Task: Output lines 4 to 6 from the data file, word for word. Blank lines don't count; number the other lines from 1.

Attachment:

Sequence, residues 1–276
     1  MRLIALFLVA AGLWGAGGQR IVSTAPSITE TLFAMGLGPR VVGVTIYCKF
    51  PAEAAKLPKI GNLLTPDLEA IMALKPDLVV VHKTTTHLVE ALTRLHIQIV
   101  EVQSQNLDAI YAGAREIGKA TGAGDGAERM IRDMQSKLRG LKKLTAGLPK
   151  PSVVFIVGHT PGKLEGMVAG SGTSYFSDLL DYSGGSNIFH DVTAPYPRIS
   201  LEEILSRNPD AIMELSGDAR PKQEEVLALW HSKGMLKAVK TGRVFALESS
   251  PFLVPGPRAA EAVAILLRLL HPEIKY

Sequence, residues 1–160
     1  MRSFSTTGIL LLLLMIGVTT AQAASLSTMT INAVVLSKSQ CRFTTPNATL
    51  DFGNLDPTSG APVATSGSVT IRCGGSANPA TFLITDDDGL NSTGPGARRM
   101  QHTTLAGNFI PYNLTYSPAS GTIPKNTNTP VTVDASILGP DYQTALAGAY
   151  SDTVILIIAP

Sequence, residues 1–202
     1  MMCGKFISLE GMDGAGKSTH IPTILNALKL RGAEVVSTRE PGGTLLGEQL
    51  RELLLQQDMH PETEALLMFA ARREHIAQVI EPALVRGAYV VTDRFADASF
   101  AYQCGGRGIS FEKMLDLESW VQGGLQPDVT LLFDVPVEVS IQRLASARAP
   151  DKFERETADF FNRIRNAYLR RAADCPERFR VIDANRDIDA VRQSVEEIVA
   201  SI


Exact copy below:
   101  EVQSQNLDAI YAGAREIGKA TGAGDGAERM IRDMQSKLRG LKKLTAGLPK
   151  PSVVFIVGHT PGKLEGMVAG SGTSYFSDLL DYSGGSNIFH DVTAPYPRIS
   201  LEEILSRNPD AIMELSGDAR PKQEEVLALW HSKGMLKAVK TGRVFALESS